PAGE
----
COVID-19 Research Funding

In May of 2020 the Foundation committed funding to an urgent, fast-tracked fund specifically for COVID-19 medical research. In these extraordinary times, we responded rapidly to the need for research in this area with a single round of grants and have used a truncated application and review process for awarding funds.

These funds have now been awarded, read on to learn more. 

Assessing the cellular immune response to SARS-CoV-2 infection

Associate Professor James Ussher
Department of Microbiology and Immunology, University of Otago

Understanding the immune response to SARS-CoV-2 infection, the cause of COVID-19, is critical for understanding the disease and for vaccine design. In this study we will evaluate the cellular immune response to SARS-CoV-2 in patients who were confirmed to have COVID-19 and who have recovered. Blood will be collected and stimulated with fragments of different SARS-CoV-2 proteins to determine and clearly identify T cell responses. This will inform work on the design of a vaccine to combat SARS-CoV- 2.

Development of a SARS-CoV-2 spike protein pseudovirus assay

Professor Alex McLellan
Department of Microbiology and Immunology, University of Otago

We will develop a non-infectious and safe platform towards the therapeutic treatment of COVID-19 patients with (convalescent) serum from patients that have recovered from SARS-CoV-2 infection. The project will develop the use of a safe (non-replicating and non-virulent) model to study the interaction of the SARS-CoV-2 with human cells. The study will form the basis for future use of convalescent sera treatment for patients. In addition, the techniques will be valuable for screening new and existing drugs that might prevent virus attachment and entry into host cells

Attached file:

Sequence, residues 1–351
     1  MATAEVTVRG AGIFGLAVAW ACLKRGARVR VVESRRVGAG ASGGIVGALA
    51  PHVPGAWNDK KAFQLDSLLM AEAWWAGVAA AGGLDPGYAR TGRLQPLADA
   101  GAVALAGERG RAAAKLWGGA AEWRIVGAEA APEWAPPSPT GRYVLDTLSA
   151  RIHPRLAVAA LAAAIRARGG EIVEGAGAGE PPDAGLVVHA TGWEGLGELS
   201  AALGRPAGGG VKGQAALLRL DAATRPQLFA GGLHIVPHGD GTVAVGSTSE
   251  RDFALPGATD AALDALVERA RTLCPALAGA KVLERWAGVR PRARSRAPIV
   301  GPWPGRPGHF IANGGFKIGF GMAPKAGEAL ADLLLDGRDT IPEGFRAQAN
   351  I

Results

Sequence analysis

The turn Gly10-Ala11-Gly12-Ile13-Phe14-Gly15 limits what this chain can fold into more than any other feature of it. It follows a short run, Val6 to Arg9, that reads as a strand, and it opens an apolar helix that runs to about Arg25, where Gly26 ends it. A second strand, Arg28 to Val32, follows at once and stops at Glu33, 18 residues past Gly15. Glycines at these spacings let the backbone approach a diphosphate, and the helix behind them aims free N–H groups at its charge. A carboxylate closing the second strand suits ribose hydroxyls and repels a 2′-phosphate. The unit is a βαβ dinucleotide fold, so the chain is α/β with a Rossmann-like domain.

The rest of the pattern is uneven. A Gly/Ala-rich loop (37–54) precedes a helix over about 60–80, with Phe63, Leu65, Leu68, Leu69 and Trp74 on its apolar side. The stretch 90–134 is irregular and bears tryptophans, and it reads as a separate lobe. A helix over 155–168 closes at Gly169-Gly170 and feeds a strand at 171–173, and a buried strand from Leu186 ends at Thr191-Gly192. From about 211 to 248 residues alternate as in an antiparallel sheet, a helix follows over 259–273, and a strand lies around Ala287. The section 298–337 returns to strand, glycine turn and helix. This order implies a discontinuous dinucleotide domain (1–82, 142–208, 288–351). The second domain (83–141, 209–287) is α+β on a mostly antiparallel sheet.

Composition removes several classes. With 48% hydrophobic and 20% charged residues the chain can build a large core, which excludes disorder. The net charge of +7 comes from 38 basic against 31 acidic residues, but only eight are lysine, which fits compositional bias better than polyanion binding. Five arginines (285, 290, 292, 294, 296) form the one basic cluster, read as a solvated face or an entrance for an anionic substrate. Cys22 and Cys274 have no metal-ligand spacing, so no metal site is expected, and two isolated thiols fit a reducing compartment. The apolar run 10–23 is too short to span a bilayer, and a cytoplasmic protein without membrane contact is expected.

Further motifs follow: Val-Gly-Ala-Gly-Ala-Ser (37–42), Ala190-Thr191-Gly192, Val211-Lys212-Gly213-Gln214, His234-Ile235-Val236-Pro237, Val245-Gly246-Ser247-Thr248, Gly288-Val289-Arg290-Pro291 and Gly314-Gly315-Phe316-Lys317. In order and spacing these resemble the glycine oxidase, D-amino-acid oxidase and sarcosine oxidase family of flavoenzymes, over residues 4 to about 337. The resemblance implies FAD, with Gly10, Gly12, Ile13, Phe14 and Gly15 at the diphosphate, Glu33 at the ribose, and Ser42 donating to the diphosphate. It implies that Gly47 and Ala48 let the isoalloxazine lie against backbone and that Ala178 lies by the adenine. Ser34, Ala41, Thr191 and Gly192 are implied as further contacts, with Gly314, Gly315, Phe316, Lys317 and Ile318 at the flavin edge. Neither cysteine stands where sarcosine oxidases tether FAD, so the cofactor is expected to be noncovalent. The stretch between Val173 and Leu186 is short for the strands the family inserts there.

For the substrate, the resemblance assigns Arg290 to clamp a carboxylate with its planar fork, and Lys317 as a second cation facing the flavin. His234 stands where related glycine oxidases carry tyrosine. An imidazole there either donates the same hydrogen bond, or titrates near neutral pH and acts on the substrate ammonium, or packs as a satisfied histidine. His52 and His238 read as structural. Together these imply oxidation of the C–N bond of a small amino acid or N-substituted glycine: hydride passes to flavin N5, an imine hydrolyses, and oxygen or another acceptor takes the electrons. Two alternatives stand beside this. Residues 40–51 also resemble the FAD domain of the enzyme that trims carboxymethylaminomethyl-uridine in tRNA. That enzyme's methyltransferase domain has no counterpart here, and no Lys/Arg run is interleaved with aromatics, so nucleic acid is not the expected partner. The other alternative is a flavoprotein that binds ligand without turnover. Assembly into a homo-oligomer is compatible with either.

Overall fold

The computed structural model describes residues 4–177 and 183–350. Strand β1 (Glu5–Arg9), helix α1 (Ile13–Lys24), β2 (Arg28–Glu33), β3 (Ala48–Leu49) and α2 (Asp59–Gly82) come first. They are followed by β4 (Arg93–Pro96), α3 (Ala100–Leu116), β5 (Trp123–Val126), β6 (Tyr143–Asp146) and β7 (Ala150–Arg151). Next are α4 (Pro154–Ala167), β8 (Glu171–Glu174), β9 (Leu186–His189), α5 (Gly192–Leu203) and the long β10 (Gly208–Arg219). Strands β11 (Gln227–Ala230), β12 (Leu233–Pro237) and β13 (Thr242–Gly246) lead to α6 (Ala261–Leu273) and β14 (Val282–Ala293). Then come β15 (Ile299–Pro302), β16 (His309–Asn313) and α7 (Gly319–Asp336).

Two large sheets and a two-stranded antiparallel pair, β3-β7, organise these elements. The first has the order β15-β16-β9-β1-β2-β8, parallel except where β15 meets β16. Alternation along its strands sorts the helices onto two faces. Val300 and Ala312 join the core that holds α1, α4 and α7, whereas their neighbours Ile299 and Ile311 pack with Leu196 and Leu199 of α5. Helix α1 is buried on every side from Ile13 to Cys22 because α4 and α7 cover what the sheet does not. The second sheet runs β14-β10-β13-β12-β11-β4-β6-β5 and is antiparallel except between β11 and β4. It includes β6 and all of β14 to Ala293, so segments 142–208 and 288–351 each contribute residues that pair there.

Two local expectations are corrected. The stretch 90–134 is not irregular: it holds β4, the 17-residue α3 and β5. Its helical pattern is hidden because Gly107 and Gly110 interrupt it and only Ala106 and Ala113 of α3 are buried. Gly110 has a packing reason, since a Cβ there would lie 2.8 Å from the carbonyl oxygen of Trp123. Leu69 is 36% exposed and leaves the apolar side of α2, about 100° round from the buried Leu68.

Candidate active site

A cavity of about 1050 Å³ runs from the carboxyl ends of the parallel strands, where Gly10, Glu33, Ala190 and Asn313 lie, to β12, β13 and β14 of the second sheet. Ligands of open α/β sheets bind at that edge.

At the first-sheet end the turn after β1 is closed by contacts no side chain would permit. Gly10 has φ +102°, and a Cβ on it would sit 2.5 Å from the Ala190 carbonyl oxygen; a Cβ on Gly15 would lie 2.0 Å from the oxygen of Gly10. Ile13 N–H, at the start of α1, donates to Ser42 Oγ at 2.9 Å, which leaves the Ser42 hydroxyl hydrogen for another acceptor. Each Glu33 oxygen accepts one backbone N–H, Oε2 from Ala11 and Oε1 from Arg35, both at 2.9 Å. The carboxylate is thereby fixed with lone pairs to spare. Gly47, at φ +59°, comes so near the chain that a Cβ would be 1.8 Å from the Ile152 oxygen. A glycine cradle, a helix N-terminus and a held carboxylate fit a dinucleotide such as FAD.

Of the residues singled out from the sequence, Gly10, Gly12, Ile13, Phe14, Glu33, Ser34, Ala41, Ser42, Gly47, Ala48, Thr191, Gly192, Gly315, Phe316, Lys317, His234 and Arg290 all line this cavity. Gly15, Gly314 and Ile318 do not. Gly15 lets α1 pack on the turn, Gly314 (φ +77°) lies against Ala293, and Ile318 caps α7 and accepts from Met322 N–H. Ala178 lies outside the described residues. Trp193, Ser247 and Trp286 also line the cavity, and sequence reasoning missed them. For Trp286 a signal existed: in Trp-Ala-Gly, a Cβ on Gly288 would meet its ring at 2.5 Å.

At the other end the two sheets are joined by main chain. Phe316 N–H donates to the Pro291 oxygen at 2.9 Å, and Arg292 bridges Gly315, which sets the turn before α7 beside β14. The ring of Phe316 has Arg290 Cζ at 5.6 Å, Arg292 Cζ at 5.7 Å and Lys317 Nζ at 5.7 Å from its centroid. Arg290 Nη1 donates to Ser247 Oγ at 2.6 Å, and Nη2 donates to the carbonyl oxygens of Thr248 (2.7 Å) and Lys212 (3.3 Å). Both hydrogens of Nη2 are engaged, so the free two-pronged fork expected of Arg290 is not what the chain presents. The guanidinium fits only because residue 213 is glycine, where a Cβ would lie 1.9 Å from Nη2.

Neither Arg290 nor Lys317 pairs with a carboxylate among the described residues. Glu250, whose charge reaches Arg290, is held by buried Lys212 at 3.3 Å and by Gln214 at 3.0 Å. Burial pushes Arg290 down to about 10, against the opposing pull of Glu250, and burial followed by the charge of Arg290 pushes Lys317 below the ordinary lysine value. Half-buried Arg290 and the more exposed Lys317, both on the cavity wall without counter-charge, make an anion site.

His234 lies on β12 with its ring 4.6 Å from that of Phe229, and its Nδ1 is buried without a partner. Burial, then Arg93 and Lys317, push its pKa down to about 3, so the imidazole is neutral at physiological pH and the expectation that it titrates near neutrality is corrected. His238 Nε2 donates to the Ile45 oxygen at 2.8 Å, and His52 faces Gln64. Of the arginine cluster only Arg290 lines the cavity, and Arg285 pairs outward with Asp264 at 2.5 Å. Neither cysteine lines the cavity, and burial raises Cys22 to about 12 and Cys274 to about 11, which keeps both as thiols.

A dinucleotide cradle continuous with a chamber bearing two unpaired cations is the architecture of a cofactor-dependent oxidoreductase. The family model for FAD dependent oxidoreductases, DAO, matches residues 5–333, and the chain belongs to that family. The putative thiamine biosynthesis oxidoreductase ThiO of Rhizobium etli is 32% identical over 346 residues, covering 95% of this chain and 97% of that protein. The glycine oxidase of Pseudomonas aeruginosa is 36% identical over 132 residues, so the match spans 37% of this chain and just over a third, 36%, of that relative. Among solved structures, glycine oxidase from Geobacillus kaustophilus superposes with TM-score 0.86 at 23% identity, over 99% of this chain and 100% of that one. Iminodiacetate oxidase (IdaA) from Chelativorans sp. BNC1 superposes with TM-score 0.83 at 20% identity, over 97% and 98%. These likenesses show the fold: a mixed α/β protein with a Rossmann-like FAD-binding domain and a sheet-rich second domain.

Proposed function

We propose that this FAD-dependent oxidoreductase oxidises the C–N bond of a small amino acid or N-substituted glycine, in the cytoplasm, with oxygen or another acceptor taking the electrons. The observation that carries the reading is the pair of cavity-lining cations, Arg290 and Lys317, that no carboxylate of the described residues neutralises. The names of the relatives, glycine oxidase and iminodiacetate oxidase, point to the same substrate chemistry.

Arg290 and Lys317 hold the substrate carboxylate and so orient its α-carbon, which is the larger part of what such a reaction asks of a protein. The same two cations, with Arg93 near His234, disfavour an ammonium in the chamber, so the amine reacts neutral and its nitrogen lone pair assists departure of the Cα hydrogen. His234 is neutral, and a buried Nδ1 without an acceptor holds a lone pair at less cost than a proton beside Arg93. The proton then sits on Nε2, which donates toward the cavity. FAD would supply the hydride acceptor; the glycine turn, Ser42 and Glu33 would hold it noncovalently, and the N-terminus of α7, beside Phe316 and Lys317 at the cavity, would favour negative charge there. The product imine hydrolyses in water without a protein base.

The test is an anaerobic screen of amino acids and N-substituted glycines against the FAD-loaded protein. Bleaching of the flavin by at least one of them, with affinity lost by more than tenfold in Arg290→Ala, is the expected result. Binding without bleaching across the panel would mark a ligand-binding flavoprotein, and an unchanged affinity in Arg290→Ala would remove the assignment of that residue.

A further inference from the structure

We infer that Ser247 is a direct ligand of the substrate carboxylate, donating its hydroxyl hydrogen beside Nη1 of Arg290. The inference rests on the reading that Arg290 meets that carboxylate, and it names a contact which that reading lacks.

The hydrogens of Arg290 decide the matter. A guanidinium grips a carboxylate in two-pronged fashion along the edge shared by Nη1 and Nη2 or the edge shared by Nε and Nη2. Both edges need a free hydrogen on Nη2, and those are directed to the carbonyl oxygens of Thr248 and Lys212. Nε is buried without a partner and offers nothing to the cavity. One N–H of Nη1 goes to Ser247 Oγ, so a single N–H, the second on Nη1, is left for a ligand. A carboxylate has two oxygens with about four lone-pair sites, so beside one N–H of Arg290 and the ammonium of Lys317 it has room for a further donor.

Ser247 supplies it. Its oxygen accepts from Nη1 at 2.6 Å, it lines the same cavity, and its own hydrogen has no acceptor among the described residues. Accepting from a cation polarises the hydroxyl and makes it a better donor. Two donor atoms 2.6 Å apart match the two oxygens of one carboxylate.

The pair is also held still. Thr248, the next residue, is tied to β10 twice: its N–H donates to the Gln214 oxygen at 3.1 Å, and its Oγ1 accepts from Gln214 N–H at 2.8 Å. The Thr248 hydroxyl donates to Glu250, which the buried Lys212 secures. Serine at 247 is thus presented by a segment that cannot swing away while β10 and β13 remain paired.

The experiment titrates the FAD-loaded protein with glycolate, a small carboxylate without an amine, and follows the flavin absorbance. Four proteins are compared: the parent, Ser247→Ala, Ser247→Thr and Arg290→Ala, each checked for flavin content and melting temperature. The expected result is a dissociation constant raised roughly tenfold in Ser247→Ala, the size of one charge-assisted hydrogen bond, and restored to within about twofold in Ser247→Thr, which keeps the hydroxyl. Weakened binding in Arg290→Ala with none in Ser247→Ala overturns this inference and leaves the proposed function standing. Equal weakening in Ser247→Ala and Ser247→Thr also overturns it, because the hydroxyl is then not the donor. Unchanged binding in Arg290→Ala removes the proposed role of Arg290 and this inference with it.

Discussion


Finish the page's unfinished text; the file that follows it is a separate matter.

The impact of SARS-CoV-2 infection on human neurons

Dr. Indranil Basak
Department of Biochemistry, University of Otago

The global COVID-19 pandemic continues to have a devastating impact on our lives. Thousands of patients have died with various complications. Although lung infections primarily account for the most serious outcomes, a progressively increasing number of cases of COVID-19 involve neurological symptoms like loss of taste and smell, dizziness, unconsciousness, seizures, encephalitis and stroke. The SARS-CoV-2 virus, which causes COVID-19, can attack the brain, manifesting as brain dysfunction leading to aforementioned symptoms. Hence, our aim is to investigate the impact of SARS-CoV-2 on neurons, the fundamental units of the brain, which are likely involved in the observed neurological complications.